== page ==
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My ASD Princess

A family helping a girl explore her world through the lens of autism

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comorbidity

We Continue to Fight

To say the last 8 weeks has taken a toll would be a huge understatement. As written in my last blog, https://myasdprincess.com/2018/06/02/under-diagnosis-with-half-the-answers/, we are for the first time trying to understand the complexities of the comorbidity of our princesses mental health diagnosis and autism. To add to the complexities it seems that finding a specialist that understands both mental health and autism are a rare breed and one that we haven’t found as yet. So once again we are found educating the professionals, explaining her normal in order to develop a care plan that is complementary and not a hindrance. Since my last update, Jenna has spent 2.5 weeks in a secure ward battling with depression and in urgent need of a medication review.

We are week 5 post-discharge, still experimenting with medication changes, and still with a child that is coming to terms with what seems like her new ‘normal’ that she and we weren’t ready for.

One recommendation was to seek out a family therapist, an idea that if we all as a family could understand her normal and work through strategies together we could once again create a space at home that was safe for her. You would think to find a local therapist in a city of 120,000 people would have been an easy task. 8 weeks of phone calls, recommendations, and referrals have led to zero appointments at this stage. We have a parents therapy session next week, and with any luck, this will be a starting point for us all to verbally address the stress and complexities that is our everyday. With over 30 or so calls already made, and numerous explanations of our unique family dynamic all so-called specialists declined the sessions stating it’s not an area they specialise in. So in desperation, I called a counsellor, not a psychologist, although we still got the same story, unskilled, try someone else, are you sure you want me etc. we have an appointment. Progress, but a situation that in a time of NDIS funding, supposed community understanding and acceptance, we still see that support is still unattainable for the most in need.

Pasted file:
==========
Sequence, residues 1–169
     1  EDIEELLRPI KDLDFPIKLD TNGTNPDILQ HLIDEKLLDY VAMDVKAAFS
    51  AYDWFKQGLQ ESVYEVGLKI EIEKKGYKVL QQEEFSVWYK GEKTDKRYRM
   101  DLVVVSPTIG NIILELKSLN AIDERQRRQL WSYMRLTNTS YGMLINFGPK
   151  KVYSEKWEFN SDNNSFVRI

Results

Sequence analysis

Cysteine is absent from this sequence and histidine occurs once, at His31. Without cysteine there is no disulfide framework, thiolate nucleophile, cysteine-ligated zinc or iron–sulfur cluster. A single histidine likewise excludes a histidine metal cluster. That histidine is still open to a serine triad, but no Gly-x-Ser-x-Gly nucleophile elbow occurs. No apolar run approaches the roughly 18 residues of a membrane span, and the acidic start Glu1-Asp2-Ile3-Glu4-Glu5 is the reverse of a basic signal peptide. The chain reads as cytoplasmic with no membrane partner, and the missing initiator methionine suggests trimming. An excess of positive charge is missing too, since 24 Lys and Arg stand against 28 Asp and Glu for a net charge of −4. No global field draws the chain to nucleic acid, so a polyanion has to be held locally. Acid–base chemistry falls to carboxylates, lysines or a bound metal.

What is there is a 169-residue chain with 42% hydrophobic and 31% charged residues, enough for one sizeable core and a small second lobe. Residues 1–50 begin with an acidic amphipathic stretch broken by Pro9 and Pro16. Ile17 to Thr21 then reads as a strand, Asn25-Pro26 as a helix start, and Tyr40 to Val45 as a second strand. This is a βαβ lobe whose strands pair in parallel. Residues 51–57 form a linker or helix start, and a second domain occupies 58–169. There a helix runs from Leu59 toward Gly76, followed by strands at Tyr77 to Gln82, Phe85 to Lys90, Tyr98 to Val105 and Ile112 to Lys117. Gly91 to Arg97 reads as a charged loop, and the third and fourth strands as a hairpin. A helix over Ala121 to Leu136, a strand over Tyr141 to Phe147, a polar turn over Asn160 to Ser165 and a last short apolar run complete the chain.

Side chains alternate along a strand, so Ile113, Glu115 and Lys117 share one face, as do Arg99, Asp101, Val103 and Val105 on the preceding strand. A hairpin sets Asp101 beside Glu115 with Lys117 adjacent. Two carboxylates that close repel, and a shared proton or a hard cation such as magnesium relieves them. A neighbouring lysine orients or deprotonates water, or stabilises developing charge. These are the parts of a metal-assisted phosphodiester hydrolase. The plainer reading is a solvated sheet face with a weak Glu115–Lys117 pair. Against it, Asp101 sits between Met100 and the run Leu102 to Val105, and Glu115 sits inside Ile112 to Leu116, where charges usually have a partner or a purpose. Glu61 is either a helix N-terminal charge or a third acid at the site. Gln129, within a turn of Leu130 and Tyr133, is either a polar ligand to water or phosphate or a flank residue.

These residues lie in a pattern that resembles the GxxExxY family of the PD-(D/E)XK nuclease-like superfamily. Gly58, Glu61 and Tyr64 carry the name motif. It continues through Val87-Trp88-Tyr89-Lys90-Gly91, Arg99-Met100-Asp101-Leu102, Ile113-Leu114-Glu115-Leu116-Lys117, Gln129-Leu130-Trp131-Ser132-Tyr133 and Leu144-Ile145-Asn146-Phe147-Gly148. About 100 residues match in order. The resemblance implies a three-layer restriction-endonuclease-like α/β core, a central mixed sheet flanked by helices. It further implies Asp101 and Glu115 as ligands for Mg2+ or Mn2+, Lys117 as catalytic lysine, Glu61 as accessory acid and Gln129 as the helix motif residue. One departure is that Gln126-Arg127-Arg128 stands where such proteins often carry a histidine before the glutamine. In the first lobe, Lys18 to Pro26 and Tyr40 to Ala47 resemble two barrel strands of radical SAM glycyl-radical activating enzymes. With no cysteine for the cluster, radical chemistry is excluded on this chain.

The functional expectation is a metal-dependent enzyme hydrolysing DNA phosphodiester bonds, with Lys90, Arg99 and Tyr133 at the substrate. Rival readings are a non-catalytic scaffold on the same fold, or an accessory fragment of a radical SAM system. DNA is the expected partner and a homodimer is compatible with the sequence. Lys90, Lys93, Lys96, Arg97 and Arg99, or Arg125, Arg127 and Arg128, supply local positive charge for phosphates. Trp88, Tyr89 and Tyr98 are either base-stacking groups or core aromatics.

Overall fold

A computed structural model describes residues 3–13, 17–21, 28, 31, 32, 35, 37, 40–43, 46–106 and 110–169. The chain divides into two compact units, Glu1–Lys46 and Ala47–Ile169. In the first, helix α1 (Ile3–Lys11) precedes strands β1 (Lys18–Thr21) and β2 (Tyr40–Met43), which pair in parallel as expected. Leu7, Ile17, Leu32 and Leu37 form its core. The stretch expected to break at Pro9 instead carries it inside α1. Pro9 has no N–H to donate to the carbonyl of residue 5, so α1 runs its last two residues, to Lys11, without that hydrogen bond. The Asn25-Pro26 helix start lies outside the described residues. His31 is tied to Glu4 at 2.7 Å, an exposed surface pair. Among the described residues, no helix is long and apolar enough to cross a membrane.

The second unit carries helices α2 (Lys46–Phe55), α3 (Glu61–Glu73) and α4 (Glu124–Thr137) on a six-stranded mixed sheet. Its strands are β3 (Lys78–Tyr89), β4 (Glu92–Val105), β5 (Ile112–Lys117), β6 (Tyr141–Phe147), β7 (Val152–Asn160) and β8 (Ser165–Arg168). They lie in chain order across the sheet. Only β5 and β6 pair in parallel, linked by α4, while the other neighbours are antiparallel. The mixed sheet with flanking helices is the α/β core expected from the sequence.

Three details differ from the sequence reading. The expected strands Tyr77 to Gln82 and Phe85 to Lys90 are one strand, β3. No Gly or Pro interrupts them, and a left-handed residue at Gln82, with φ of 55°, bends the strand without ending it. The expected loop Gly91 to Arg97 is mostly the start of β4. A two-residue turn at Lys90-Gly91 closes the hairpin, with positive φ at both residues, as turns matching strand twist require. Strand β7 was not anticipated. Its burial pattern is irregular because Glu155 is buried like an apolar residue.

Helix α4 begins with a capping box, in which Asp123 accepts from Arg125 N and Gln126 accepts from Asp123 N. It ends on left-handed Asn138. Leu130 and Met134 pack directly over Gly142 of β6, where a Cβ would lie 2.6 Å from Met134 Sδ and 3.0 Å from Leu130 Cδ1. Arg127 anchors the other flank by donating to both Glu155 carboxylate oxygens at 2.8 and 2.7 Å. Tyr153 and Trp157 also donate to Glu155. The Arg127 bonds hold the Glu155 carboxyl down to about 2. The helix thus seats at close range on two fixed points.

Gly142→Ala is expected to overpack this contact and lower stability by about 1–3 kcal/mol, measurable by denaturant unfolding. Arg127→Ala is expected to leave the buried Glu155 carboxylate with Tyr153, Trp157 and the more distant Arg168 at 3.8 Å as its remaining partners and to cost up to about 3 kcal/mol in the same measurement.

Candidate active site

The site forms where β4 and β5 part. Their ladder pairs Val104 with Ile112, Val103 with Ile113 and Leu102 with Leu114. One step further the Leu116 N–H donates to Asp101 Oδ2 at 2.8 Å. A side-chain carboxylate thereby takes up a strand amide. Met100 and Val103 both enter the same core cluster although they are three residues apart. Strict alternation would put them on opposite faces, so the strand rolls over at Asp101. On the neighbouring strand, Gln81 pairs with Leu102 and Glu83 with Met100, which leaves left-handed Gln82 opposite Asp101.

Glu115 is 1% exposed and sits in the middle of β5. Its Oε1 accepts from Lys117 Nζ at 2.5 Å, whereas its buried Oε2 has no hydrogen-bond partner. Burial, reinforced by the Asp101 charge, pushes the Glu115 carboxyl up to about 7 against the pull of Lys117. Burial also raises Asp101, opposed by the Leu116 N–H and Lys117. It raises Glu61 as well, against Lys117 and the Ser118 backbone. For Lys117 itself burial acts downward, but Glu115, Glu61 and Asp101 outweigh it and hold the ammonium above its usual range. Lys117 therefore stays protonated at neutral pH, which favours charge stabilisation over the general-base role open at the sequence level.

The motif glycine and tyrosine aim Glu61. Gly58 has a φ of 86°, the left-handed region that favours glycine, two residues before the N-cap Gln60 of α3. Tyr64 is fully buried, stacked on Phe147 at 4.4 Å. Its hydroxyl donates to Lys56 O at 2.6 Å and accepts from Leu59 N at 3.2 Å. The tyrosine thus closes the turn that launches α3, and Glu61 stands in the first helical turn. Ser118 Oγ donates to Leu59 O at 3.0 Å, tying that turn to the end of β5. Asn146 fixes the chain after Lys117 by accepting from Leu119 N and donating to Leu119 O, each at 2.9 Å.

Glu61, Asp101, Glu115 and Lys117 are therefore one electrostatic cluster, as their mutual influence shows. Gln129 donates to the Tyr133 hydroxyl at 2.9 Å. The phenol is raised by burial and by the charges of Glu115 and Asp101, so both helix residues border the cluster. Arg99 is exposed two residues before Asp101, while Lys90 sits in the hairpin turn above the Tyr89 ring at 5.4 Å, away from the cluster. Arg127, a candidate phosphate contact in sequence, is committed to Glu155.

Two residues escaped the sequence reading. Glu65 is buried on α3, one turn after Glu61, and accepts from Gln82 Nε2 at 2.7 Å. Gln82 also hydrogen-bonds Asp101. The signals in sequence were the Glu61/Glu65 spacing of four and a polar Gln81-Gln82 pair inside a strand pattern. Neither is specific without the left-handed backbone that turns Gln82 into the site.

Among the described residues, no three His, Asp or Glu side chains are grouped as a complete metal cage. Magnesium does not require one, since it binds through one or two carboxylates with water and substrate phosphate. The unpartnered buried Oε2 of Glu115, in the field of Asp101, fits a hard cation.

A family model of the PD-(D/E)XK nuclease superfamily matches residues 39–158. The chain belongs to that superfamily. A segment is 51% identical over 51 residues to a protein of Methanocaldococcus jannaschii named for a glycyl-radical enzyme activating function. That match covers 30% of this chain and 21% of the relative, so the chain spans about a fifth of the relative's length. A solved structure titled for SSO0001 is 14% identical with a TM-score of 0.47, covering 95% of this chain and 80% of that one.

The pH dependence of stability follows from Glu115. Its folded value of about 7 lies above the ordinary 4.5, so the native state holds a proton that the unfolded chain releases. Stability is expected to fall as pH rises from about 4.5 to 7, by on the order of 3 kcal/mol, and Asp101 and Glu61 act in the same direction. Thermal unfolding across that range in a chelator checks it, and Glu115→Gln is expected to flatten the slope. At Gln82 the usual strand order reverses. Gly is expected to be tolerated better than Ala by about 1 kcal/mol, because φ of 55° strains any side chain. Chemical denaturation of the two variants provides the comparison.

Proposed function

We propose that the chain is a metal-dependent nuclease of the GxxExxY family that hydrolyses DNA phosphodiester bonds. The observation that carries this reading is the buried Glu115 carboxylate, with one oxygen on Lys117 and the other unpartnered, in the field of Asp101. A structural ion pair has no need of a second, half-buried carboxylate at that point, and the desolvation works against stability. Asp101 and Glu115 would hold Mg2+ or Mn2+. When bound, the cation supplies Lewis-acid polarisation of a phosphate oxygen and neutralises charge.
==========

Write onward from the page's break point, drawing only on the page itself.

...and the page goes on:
The struggle I’ve spoken about often is our response or attitude towards behaviour. With the addition of a psycho-social diagnosis, we have again needed to review behaviour and our response to it. Trying to understand when to respond, how to respond and also the understanding of the ’WHY’ is a taxing and raw reality of our everyday. With the hospital staff stating we need to be firm, consistent and be reactive to inappropriate behaviour and our autism training focusing on reducing sensory overload etc. We are forced into a world with a dichotomy that is hard to fathom and even harder to build a plan that will be successful. Something that I have been an expert so to speak in my profession, has proved to be the most extraordinary battle at home. Our response to behaviour has become the focus of the majority of the day. Whether this is a response to a sensory issue, anxiety, being unwell, poor behaviour, a direct response to others or a response to not being in control, we walk on eggshells constantly risk assessing the situation and looking for ways that could minimise harm.